Having a kid has made me a better Jew.

For example: Passover (which I now feel compelled to only call “Pesach” because apparently “Passover” is really just an English substitution for the actual name for the holiday.) We always “kept” Passover as a kid. My recollection is that we had lots of matzoh, missed bread intensely, and had a big family meal on the first night. I also recall the looooong seder at my grandparents’, trying to contain explosive giggles shared with my brother and cousins while my grandfather rambled in Hebrew, telling the story, which I never learned (or at least never fully committed to memory.)

I ate bread during Passover once I was an adult on my own. I think maybe for a few years, I tried to keep it, but with no one looking over my shoulder, no belief in God, and no one else to feed, I always lapsed. (Also, my birthday often falls during Passover and having suffered through many horrible excuses for a birthday cake as a kid, I have always felt justified in my enjoyment of a totally trayf birthday cake, regardless of whether it fell during Passover or not. This is true this year. My birthday is tomorrow and the plan has been to have my favorite cake from my favorite bakery tomorrow night.)

The Who, as I might have mentioned before, goes to a Jewish daycare/preschool and has since he was 13 months old. He has “Jewish Instruction” and knows more about some of the Jewish holidays than I do. Last week, a rabbi came to his class with his  “Matzoh Bakery” and they made their own matzoh. He came home telling me that “we don’t eat bread during Passover.”

Well, shit.

How am I supposed to have birthday cake in the middle of Passover when my 3-year-old knows better because of his fine Jewish education? (To my credit, I had already switched our weekly menu so that we weren’t making pizza on the first night of Passover. But, I had only moved it ahead a day, so, well…)

At some point during the day yesterday, m* and I looked at each other and both realized at almost the same time that we needed to rethink it all. We couldn’t have pizza on Saturday. And we couldn’t have birthday cake on Sunday. In fact, we really couldn’t eat bread all week. And, well, damn. We had better get some matzoh in the house. I came home and started googling kid-appropriate Passover stories and, finding nothing I really liked that was available immediately, I just opted to write my own. I bought a Seder plate, made a shopping list, and we picked up my favorite birthday cake yesterday. (Since we eat dinner well before sundown, we decided it would be ok to eat it last night, which we did, freezing the rest of it to be thawed after the holiday.)

All of a sudden, I’m a pretty good Jew. I know the whole story of Passover and I have already eaten two sheets of matzoh** (with the requisite shmear of whipped cream cheese.) It’ll be fun to hide the afikomen tonight and who knows; maybe next fall we’ll even build our own sukkah! (Or, y’know, maybe not.)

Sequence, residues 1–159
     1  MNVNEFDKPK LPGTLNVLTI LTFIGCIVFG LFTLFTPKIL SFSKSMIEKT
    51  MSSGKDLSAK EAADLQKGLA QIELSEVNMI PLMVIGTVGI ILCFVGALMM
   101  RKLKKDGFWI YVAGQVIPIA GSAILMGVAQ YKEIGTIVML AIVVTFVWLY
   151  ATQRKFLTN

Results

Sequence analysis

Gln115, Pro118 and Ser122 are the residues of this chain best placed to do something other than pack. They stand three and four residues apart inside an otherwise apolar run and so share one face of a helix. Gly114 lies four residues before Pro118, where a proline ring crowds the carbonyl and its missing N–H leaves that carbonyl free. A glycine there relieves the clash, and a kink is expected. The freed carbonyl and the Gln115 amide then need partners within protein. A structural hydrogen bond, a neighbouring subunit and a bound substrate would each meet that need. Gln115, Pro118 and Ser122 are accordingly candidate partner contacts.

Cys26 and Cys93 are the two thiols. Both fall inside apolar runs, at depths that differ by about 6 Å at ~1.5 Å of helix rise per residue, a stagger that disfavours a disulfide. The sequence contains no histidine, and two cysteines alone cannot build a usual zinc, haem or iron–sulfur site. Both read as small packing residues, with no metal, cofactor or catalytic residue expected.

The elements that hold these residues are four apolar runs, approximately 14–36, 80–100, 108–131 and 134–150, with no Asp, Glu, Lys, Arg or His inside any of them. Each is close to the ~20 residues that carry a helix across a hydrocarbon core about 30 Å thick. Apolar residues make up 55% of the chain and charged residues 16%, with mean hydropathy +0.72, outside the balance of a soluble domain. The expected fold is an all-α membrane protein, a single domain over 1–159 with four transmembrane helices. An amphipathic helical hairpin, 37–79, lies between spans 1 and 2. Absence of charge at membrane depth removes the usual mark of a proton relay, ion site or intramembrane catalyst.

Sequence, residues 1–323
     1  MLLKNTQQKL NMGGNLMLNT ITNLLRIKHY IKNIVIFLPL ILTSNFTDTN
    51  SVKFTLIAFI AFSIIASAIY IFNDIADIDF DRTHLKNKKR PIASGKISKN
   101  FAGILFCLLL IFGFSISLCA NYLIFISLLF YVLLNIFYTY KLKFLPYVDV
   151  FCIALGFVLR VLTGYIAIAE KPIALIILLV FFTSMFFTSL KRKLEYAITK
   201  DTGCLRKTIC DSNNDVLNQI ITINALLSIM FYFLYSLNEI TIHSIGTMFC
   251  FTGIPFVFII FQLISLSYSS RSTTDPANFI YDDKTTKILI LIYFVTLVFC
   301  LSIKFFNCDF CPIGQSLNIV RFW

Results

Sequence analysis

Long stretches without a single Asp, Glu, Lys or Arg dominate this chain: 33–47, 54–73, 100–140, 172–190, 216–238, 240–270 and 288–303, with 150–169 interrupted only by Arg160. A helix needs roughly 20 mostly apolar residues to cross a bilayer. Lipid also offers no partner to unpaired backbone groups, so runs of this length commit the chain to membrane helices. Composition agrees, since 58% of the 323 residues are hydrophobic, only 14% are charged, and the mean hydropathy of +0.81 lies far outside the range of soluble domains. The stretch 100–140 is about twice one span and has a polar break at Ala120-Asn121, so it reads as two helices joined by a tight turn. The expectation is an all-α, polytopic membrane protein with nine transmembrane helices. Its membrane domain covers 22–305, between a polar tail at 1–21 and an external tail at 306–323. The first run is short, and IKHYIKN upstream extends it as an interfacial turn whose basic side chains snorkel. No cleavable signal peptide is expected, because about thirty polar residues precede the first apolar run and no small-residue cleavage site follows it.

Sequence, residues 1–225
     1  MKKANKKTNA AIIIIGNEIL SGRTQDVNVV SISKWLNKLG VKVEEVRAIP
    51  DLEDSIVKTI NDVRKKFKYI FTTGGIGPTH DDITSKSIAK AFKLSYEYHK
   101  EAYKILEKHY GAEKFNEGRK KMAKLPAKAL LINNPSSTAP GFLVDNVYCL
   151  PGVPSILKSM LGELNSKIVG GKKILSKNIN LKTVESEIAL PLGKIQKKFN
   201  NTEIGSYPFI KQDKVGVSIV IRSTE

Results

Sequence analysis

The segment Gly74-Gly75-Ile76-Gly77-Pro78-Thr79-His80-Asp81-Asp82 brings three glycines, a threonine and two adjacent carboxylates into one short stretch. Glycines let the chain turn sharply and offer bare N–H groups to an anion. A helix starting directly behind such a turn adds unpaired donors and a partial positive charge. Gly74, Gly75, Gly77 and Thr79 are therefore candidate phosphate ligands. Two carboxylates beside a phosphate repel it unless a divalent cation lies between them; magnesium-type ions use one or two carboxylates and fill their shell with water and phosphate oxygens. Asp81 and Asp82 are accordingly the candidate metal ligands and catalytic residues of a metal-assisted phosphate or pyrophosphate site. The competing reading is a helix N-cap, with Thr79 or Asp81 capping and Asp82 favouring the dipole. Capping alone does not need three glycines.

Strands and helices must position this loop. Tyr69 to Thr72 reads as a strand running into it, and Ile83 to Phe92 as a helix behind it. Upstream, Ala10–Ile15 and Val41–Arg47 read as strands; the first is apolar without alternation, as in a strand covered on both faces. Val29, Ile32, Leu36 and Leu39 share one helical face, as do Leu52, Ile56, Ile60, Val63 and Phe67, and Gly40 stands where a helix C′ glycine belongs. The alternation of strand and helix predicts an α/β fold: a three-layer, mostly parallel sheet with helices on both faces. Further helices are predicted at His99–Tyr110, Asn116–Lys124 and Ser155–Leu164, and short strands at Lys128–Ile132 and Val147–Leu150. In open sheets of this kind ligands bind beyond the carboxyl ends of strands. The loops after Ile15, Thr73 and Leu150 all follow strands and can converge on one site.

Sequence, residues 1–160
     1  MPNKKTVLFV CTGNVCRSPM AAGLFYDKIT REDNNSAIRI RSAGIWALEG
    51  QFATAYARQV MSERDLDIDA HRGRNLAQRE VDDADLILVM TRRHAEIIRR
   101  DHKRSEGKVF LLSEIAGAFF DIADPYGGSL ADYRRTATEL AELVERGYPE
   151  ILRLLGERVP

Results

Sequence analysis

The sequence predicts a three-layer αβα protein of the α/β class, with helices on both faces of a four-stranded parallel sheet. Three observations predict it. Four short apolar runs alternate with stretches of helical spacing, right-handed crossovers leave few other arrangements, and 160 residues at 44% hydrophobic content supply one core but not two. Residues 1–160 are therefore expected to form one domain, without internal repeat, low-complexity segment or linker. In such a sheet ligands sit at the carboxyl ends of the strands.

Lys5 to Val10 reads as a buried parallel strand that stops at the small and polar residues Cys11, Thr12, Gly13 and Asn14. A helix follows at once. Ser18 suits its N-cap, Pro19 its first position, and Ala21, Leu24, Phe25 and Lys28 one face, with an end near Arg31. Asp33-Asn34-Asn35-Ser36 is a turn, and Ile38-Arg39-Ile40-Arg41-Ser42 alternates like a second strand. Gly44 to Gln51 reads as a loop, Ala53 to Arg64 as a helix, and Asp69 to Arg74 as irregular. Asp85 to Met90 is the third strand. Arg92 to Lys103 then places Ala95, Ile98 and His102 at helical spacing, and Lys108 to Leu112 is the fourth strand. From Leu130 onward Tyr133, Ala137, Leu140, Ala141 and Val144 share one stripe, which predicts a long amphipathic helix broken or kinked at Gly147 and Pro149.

**I am only a “pretty good Jew” because I bought the “not for Passover” matzoh. It’s totally made with flour.*** The real stuff tastes like packing material. Baby steps.

***ETA: Based on the first comment to this post, I did a little search and saw that it’s not the flour that makes it chametz. It’s the egg. And the possibility that there are both egg and water in the dough. I still feel ok with eating it. But I’ll get the “right” kind for out Seder tonight.

3 thoughts on “Pesach.

  1. Wait, OUR matzo is made with wheat flour and it IS suitable for Passover! I don’t understand! Is this why I am not Jewish?

    I love that your kid is totally whipping you back into line on this. And love that you’re respecting his desire to celebrate the holidays.

    And SUPER love that you got to have your cake and eat it, too. 🙂

  2. We were just discussing that it’s the leavening that is important for passover, or the non-leavening and not sure why an egg would be a problem since eggs during passover are very common. Anyway, nice that you will enjoy pesach seder…don’t forget the glass for Elijah, which I often forget, but as a kid it was fun to open the door for elijah and watch the glass of wine to see if it went down even a sip (It didn’t!).

    When I was a kid we ate it with a shmear of chicken fat spread on the matzoh by an onion cut in half to get the oniony taste with the chicken fat, then some salt– boy was it fabulous, greasy, salty and yummy.

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